Wisdom of Unstructured Data: Building Airbnb’s Listing Knowledge from Big Text Data | by Hongwei Harvey Li | The Airbnb Tech Blog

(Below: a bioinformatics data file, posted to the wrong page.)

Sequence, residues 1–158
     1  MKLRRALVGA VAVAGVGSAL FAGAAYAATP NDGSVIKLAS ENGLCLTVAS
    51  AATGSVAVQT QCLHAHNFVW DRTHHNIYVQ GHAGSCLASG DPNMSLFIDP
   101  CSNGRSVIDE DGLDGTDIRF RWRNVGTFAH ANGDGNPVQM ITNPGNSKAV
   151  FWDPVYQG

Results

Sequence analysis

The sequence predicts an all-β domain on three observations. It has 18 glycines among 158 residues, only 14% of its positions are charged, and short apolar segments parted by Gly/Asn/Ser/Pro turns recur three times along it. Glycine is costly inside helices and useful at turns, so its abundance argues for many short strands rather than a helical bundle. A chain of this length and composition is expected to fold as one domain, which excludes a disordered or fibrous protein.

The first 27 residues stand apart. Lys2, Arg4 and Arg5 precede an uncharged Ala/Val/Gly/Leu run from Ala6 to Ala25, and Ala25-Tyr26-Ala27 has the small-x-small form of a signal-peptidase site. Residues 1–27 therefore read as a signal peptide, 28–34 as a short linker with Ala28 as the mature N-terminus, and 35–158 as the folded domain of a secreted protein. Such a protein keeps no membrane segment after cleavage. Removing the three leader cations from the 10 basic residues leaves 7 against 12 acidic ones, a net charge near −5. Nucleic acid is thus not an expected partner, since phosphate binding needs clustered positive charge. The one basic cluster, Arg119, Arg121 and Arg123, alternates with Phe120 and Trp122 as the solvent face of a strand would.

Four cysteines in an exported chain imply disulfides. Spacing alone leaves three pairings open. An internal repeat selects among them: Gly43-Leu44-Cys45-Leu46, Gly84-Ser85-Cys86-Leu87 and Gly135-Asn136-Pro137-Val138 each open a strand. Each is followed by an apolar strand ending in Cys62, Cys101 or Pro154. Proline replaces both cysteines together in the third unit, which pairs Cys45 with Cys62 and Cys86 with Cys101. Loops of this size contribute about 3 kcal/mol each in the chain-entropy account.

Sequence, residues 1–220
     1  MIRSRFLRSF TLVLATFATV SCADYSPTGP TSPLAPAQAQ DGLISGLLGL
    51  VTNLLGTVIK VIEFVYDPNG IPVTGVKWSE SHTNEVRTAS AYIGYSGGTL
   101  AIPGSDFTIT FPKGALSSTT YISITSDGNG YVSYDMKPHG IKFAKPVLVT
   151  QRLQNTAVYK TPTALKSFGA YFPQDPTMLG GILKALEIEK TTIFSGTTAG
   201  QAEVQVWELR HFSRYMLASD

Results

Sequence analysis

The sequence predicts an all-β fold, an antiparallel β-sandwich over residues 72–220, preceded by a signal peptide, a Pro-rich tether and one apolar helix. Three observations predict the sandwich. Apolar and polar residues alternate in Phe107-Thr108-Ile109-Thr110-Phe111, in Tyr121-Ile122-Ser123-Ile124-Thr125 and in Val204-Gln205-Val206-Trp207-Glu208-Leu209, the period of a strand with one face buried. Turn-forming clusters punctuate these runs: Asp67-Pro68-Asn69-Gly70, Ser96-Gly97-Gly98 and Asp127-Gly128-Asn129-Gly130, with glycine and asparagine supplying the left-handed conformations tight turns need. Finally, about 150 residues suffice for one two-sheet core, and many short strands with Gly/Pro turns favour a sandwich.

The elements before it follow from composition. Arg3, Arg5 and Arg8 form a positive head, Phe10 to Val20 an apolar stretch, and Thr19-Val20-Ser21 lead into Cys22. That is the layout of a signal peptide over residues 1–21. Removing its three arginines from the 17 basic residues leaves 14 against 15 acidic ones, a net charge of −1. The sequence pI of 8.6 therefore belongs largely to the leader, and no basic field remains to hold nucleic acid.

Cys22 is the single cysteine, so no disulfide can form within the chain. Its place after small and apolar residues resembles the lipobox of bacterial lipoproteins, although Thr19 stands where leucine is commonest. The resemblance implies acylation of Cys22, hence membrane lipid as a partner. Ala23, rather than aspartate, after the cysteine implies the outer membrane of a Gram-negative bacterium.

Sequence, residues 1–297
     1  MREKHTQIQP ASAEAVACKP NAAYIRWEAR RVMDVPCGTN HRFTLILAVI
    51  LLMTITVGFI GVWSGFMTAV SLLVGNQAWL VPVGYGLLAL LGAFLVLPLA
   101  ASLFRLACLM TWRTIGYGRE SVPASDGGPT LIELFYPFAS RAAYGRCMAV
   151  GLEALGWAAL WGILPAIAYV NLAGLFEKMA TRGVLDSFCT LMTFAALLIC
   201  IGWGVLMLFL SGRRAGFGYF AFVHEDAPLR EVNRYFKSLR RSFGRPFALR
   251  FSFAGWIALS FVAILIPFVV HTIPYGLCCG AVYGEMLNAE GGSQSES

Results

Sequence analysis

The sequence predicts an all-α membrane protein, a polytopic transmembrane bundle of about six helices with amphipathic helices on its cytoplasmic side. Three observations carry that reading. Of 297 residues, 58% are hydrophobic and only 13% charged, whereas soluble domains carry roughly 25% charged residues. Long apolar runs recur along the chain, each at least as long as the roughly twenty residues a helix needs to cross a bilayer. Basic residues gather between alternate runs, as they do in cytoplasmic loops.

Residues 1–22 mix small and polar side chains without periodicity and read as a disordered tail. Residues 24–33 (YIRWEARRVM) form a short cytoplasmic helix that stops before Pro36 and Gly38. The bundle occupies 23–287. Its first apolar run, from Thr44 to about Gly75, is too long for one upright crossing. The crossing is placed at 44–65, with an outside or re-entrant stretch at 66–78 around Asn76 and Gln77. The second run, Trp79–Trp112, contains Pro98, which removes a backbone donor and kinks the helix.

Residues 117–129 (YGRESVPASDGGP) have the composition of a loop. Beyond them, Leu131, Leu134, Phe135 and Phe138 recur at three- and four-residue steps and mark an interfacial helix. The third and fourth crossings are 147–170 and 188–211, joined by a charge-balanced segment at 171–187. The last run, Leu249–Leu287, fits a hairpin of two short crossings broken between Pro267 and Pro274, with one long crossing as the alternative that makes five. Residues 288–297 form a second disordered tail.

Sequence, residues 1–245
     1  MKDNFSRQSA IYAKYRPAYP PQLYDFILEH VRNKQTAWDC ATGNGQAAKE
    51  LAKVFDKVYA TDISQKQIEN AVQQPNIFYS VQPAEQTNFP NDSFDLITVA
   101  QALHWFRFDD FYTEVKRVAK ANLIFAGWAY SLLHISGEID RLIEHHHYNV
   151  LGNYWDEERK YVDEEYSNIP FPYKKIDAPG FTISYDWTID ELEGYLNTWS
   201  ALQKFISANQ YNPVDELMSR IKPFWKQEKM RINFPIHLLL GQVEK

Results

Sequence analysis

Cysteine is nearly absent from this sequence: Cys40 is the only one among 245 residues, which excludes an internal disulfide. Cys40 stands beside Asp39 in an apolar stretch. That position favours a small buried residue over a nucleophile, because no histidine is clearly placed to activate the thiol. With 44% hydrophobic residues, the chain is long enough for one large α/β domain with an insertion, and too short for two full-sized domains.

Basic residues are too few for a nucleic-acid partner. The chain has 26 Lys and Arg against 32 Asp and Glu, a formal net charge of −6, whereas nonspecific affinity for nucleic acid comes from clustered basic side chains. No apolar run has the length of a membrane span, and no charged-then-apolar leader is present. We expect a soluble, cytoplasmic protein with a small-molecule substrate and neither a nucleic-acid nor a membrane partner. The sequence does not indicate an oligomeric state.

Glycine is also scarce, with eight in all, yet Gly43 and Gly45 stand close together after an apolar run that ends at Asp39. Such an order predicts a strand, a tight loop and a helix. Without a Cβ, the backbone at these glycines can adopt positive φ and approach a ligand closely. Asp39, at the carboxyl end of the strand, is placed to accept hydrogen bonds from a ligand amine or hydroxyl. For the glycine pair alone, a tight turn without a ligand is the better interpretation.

How Airbnb leverages ML/NLP to extract useful information about listings from unstructured text data to power personalized experiences for guests.By: Hongwei Li and Peng WangAt Airbnb, it’s important for us to gather structured data about listings and better understand the data, so we can help Hosts provide great experiences for guests. For example, guests who work remotely need to know if a listing has a suitable workspace and reliable internet, while guests with children might need items like highchairs and cribs. However, not all listings clearly display these attributes, causing there to be a mismatch between what Hosts listings have and what guests are looking for.This is just one of many examples of how we can use the unstructured data generated on our platform, including text data that has undergone anonymization steps from various text-based guest interactions with the platform, to extract useful structure data. Instead of relying on Hosts to manually input all the potential listing attributes, which would be tedious given the vast number of attributes guests care and inquire about, we developed a machine learning system called Listing Attribute Extraction Platform (LAEP) for extracting the structure data at scale. Note that the original name of the project is called LATEX (Listing ATtribute EXtraction) and it is cited in our previous tech blog. We have since renamed the project to LAEP.LAEP automatically extracts structured information, such as listing attributes, directly from the unstructured text data we mentioned above. The attributes collected by LAEP are then integrated into various applications, building Airbnb’s Listing Knowledge. It powers downstream tools like the Attribute Prioritization System (APS) and listing attribute collection system (Eve).LAEP doesn’t just extract listing attributes, it has the ability to detect different types of entities, such as activities, hospitalities, and points of interest (POI) like famous landmarks. This opens up possibilities for supporting a wide range of product applications. For example, hospitality data can help guests get personalized services during the stay while activity data can help identify and create new categories that guests love.Figure 1. An illustration of the process of from LAEP to downstream applications such as listing attribute collection system (Eve) and attribute prioritization system (APS), then feeds into Structure Data Catalog.Prior to LAEP, Airbnb had multiple ways to collect structured information for listings, including the Listing Editors page for Hosts, the Supplementary Review Flow (SRF) for guests, and partnering with third-party vendors. However, these approaches faced several challenges and limitations. For instance, Airbnb minimized the impression of SRF questions in the standard review flow to boost the guest review experience, resulting in reduced data intake from the guest side. Consequently, there has been a growing need to extract listing information from unstructured text data, and LAEP was developed to address the aforementioned issues by automating this data collection process.The LAEP technology gathers and analyzes anonymous and unstructured text data, enabling many potential applications that can enhance the Airbnb experience for both Hosts and guests.There are three main components in LAEP:Named Entity Recognition (NER): This component identifies and classifies specific phrases or entities in free text into predefined categories like amenities, places of interest, and facilities. For example, from various sources the phrase “swimming pool” would be detected as an entity with the type “Amenity”.Entity Mapping (EM): Once an entity is detected, EM maps it to standard listing attributes stored in Airbnb’s attribute database (Taxonomy). This allows LAEP to create a comprehensive catalog of Airbnb listings by associating detected entities with their corresponding attributes.Entity Scoring (ES): ES determines the presence of a detected phrase within a listing. It infers whether the attribute mentioned actually exists in the associated listing and provides confidence level.Below is an illustration of the components within LAEP is as follows:Figure 2. The scope of LAEP includes three main components: Named Entity Recognition, Entity Mapping and Entity Scoring.There are many off-the-shelf pretrained NER models that can extract general entity categories, but none of them fully supports Airbnb’s use cases. Therefore, we built our own NER models to detect and extract predefined entities important to Airbnb business from free text.The NER model defines five types of entities (Amenity, Facility, Hospitality, Location features, and Structural details) that are important to Airbnb. We sampled and labeled 30K example texts from six channels, then trained the NER model. For current product use cases, we apply the language detection module and filter out English text only. In the future we may build the multilingual Transformer based NER model to handle non-English content. Text is then split into tokens. NER mode localates entity span, and classifies entity labels by using a convolutional neural network (CNN) framework. The output is a list of detected named entities, in the format of tuples <entity label, start index, end index>. Combining all components together, the NER pipeline is shown in figure 3.Figure 3. The overview of NER pipeline and the functional componentsFigure 4 shows an example output from the pipeline with detected entities highlighted.Figure 4. Example output from the NER pipeline. The detected entities are highlighted and each entity category is marked with a different color.The labeled dataset was randomly split into training and testing datasets with a 9:1 ratio. After training completes, we evaluate the model performance on the testing dataset across all text channels. The evaluation criteria uses Strict Match which requires correctly identifying the boundary and category of the entity, simultaneously. The model overall performance and each category’s performance are in figure 5.Figure 5. Example performance metrics (Precision, Recall, F1 scores) for NER modelThere are many different ways for people to talk about the same thing. For instance, we found over twelve variations for the attribute “lockbox,” such as lock box, lock-box, box for the key, and keybox. Typos like “ket box” are also common due to input from error-prone mobile devices. Therefore, we need to map different variations of named-entities to the standard entity name as defined by the standard taxonomy for downstream applications.With hundreds of listing attributes but millions of detected phrases in a year, many phrases map to the same attribute (like “lockbox”) while others have no mapping. To address this, we introduce confidence levels for mappings, allowing us to establish rules for cases where mapping cannot be done. A confidence value between 0 and 1 is assigned, and if no mappings exceed the confidence threshold, it is marked as “No Mapping.”Labeling these mappings becomes challenging when dealing with numerous unique phrases and potential attributes. Typically, labeling involves comparing the semantic similarity between the phrase and each of the 800+ attribute names. To overcome this, we started with unsupervised learning methods to tackle the problem instead of using the supervised learning methods to save significant labeling efforts.Figure 6. Entity Mapping: map detected NER phrases from free text to predefined listing attributes.In LAEP, the entity mapping approach involves the following steps:Preprocessing: Both the listing attributes and detected phrases undergo preprocessing techniques such as lowercasing and lemmatization to eliminate unnecessary word variations.Mapping to Word Embeddings: All standard listing attributes are mapped to the word-embedding space using a word2vec model fine-tuned with Airbnb’s text data.Finding Closest Attribute: For a preprocessed detected phrase, the closest listing attribute is determined based on cosine similarity in the word-embedding space. The similarity score serves as the confidence score for the mapping.As the example in the figure above, the word “Lock-box” is mapped to the embedding space of listing attributes and compared with each attribute. The closest match is found with the attribute “lockbox,” which is identified as the top mapping.After mapping a detected phrase to a standard listing attribute, it’s important to infer metadata about the attribute, such as its existence, usability, and local sentiment. Among these, attribute presence is crucial for the guest experience, especially for the example of amenities like “crib” or “highchair” for guests with infants.The presence model in LAEP determines if the mapped attribute exists in the listing by performing local text classification. It provides a discrete output (YES, Unknown, NO) indicating attribute presence, accompanied by a confidence score reflecting the level of confidence in the inference.The label classes are {YES, Unknown, NO}, where Yes means the attribute is present, NO means it’s not present, and Unknown accounts for cases where presence is hard to determine from the text alone (e.g., amenity not present).Figure 7. Illustration of entity scoring for the meta info about certain entities of interest.To build this text classification model, the ES component employs a fine-tuned BERT model. It analyzes source data, including detected phrases and their local context, to infer attribute existence. The output can then be used in the APS and Eve system to provide recommendations to Hosts, merchandize existing home attributes, or clarify popular listing facilities..Figure 8. Architecture of Presence Score Model. (Revised based on courtesy from Zahera and Sherif et al.)The model architecture (Figure 8) utilizes a pre-trained BERT model with text data from six different sources. The input text is truncated to a maximum length of 512 tokens. Empirical studies suggest that using 65 words around the detected phrase (32 before and 32 after), achieves the best result. The embeddings from the [CLS] token are passed through a fully connected layer, dropout layer, and ReLU linear projection layer to generate a probabilistic vector over the label classes.In this post, we introduced an end-to-end structural information extraction system within Airbnb, LAEP, to detect phrases of interest from various text data sources, map them into standard listing attribute taxonomies, and then infer the meta information of the attributes from the contextual information in the texts while also having privacy by design controls with the objective to not process personal information. LAEP is applied in downstream applications like APS, and can be leveraged to help our teams find new categories of listings and discover new listing attributes that matter to guests. It helps us to understand Airbnb’s listing better with scale and can power future applications to continue improving the experience of both our Hosts and guests.If this type of work interests you, check out some of our related positions at Careers at Airbnb!We would like to thank all the people who supported this project — Qianru Ma, Joy Jing, Xiao Li, Brennan Polley, Paolo Massimi, Dean Chen, Guillaume Guy, Lianghao Li, Mia Zhao, Joy Zhang, Usman Abbasi, Pavan Tapadia, Jing Xia, Maggie Jarley and more. Special thanks to Ben Mendeler, Shaowei Su, Alfredo Luque and Tianxiang Chen from the ML-infra team for their generous support and help.All product names, logos, and brands are property of their respective owners. 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